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At the palace in London, the sickly King Edward IV is gathered with Queen Elizabeth, her two sons Dorset and Gray, her brother Rivers, and Hastings, Catesby, and Buckingham (who have been fighting with Elizabeth's family).
Edward warmly addresses the crowd and says something like "Can't we all just get along?"
The two factions agree to play nice and ask God to punish them if they ever break this new bond.
Richard enters and makes a big speech about how he too is committed to peace and how sorry he is for anything bad he might have done.
The happy glow doesn't last long. Queen Elizabeth asks Edward to accept his imprisoned brother Clarence back into his good graces.
Richard acts like Elizabeth is cruelly and purposefully mocking – after all, don't they know about Clarence? (He knows they don't.) Richard then announces to the group that Clarence is dead, pretending to be shocked they haven't heard.
Everyone is shocked, especially King Edward, who knows he gave orders to reverse Clarence's sentence.
Richard is all, "Oh dear, I guess your message got lost in the mail."
Stanley, Earl of Derby, arrives and kneels before the king, asking him to pardon the life of a servant of his who killed a "riotous gentleman" earlier that day.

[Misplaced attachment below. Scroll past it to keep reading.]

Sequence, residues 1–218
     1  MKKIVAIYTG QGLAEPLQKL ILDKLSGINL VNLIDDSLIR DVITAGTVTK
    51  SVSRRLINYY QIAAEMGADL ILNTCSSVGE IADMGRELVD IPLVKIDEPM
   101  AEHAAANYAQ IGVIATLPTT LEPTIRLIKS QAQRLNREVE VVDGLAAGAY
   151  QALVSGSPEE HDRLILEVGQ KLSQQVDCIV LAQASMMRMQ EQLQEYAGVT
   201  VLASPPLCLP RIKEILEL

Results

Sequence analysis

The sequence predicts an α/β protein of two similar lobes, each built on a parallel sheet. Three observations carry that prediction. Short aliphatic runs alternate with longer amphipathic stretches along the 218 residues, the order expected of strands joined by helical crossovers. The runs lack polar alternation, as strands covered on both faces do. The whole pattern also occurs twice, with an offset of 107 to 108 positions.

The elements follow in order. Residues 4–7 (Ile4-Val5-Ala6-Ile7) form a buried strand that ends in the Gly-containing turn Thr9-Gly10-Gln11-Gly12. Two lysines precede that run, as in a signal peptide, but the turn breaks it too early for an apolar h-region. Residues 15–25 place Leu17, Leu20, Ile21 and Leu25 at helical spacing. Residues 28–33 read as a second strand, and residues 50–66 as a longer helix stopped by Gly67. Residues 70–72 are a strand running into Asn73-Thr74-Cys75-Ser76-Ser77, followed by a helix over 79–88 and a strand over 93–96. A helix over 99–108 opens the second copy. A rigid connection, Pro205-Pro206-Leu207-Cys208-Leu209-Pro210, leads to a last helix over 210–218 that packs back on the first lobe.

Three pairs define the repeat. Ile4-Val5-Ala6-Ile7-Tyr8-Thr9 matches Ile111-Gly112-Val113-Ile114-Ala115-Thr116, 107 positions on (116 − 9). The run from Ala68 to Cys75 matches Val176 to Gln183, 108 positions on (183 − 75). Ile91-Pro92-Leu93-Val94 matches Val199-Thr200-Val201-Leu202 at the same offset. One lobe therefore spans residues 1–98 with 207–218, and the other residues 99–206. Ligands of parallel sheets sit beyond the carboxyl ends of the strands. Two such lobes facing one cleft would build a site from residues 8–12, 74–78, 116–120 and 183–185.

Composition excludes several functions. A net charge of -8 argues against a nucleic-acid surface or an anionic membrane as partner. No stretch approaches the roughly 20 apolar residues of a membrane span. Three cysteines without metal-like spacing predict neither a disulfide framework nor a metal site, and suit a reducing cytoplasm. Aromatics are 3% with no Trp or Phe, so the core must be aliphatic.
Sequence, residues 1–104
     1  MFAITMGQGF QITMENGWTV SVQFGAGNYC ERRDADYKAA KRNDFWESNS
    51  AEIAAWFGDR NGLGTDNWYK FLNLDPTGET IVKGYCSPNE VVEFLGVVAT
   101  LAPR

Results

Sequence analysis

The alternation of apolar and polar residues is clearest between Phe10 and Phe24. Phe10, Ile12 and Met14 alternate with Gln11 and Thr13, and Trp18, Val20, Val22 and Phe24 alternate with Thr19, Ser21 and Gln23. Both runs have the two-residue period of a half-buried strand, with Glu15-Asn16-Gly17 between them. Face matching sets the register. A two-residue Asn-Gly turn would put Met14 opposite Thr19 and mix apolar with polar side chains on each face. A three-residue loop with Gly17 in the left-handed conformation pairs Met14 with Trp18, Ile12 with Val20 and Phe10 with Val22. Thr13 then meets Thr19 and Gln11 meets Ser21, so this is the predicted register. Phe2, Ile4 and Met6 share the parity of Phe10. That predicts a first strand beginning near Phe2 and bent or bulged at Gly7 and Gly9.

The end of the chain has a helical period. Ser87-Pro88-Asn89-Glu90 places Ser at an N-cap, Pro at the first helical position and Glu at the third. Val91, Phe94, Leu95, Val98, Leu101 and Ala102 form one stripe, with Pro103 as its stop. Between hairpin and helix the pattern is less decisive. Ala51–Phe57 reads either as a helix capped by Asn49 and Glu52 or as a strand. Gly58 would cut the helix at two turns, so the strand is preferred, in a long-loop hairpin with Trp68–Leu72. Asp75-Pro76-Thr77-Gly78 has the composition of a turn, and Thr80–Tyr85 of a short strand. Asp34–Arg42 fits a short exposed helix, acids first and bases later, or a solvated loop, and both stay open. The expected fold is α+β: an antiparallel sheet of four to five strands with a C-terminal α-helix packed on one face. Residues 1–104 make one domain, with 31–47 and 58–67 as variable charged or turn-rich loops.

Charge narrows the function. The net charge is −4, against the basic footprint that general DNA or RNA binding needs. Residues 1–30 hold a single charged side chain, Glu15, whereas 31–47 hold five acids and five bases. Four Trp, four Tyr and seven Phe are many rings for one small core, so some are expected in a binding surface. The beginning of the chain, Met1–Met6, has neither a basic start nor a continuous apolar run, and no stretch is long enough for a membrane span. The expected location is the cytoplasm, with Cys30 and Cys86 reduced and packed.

This really sets Edward off, and he begins to blame everyone around him for not stopping him from ordering Clarence's execution.
Edward then gives some examples of Clarence's goodness – from murdering Prince Edward of Wales for Edward's sake, to even giving up his cloak on a freezing night in battle, running around naked so Edward could be less naked.
Edward, after this tender reminiscing, pardons Derby's man, lamenting that had he been more forgiving earlier (like this), he might have saved his own brother.
Edward voices his fear that God will have justice on Clarence's behalf, judging everyone who didn't stand up for the condemned man.
The sickly king must then be carried off, leaving Richard behind with Buckingham, among others.
Richard, still crafty, quickly raises suspicions against the queen and her family. He notes how they looked pale on hearing of Clarence's death (like everyone did) and declares this is evidence that the queen encouraged the king to have Clarence killed.